Number 1 seems like a personal preference. Do you want to deal with selling a house and everything that comes with that? If no, ask them to handle it all. If yes, feel free to take whatever money they offer on top of what you can get for the house.

    For the rest, I would bring your research on cost of living and your overtime pay last year into the meeting with you, that way you have some sources to back you up instead of just, "I've been looking at this, and ..."

  • ymdymd Registered User new member
    Thank you very much for your advice. I have answered your question regarding my wife in my last post.

    I don't know how to put a dollar value to my skills easily. This is a move within the same company and I would naturally consider my present earnings as a basis for negotiation for my move. If I were moving from salaried to salaried job, it would have been easier to judge the new offer. As I will be moving from hourly to salary, I am finding it hard to come up with numbers that makes sense. Also, as I will be moving to a place that is over 2 1/2 times the cost of living compared to where I live now, it further complicates the issue.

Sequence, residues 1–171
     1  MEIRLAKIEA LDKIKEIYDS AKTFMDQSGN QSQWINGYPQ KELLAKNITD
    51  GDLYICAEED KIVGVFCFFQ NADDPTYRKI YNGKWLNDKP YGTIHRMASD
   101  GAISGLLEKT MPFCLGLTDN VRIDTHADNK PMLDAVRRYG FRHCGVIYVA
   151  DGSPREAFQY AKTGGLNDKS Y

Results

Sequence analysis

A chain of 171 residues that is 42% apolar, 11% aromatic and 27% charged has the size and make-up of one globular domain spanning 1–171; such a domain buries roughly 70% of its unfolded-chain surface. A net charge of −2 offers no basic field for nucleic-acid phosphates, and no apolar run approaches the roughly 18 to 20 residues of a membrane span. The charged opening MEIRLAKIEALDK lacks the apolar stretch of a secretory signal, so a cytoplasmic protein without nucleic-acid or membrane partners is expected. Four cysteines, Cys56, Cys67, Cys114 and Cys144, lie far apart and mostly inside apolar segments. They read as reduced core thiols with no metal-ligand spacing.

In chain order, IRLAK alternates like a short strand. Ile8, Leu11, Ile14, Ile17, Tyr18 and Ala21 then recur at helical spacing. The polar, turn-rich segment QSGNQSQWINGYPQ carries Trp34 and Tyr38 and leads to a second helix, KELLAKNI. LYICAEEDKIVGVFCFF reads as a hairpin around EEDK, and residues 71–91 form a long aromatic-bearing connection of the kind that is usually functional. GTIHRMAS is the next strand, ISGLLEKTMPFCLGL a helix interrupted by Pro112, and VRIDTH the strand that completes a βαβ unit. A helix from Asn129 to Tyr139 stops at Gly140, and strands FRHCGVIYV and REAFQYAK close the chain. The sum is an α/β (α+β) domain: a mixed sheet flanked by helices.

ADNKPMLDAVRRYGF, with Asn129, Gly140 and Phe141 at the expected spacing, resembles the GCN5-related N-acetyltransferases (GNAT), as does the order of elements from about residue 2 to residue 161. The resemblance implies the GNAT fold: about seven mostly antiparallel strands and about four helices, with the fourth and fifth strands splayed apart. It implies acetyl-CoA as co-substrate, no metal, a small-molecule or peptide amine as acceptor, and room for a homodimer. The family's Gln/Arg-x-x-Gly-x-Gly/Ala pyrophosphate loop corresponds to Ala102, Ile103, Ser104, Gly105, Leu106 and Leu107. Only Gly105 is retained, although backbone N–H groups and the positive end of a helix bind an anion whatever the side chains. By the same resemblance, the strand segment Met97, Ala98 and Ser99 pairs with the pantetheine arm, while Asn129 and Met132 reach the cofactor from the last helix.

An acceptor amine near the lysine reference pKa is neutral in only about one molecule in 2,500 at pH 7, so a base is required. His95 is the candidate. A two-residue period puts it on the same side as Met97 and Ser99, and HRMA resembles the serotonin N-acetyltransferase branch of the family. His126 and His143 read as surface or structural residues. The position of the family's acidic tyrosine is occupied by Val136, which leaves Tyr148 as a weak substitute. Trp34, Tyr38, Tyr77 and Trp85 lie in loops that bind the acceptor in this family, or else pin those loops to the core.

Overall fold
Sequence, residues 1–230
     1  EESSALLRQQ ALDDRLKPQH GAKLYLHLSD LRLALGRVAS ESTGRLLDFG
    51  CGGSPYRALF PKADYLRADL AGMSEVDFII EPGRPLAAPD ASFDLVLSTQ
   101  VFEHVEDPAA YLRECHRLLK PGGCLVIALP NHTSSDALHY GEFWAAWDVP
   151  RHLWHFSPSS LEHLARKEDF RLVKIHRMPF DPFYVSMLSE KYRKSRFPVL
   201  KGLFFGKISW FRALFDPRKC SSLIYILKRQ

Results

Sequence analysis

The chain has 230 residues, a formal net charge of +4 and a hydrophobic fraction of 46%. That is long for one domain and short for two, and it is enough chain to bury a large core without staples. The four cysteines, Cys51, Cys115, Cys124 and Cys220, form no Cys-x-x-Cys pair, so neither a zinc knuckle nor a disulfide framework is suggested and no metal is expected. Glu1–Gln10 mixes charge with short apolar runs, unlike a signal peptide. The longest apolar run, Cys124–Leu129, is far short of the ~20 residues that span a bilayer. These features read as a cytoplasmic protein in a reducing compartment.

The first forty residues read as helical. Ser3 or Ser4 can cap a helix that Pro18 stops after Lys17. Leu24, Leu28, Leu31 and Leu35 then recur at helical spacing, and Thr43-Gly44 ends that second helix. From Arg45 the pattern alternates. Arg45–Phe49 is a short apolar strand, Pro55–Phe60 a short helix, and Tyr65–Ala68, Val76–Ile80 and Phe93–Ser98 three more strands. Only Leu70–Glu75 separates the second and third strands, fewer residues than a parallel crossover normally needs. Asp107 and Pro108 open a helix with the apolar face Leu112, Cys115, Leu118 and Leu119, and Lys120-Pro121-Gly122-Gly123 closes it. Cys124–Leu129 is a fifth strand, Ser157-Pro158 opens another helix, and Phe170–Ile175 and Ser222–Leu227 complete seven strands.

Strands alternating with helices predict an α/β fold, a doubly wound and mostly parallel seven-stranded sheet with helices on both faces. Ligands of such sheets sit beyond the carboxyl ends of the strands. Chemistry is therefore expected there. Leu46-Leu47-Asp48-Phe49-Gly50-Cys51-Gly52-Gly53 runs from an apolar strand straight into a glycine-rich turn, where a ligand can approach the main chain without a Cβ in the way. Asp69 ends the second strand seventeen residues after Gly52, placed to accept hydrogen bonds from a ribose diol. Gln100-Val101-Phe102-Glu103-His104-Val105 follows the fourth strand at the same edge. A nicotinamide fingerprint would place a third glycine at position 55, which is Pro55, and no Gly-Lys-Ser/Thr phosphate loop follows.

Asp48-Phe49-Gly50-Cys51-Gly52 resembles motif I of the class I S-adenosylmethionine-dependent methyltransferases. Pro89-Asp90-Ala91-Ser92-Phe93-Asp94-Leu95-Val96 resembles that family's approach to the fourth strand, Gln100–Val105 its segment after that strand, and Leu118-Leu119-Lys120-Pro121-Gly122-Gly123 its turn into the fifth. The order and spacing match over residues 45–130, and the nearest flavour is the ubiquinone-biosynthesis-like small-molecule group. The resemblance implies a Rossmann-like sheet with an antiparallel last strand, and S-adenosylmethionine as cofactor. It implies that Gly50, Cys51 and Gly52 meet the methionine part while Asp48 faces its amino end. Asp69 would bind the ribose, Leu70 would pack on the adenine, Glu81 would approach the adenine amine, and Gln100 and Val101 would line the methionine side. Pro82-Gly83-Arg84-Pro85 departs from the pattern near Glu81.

Unfortunately, I don't know of anyone who has made a similar move in the company. However, I see how valuable your suggestion is. I will try and find if any of my friends or their friends have had gone through such a move and talk to them.
    Kipling wrote: »
    Overtime isn't really a consideration on an exempt salary, and shouldn't be the way to argue a raise. Your skills are what they are paying for.

    Does taking this job mean that your wife quits hers because she has to move as well? If so, asking for assistance would not be unexpected. It largely depends on the company culture on hiring spouses and the job market in that area. A large enough company already would have rules on that.

    The rest is largely internal - do you know of anyone outside of the current hiring process for this new job that did the same transition as the one you are considering? You probably want to invite that person to lunch or give them a call and ask them about their experience.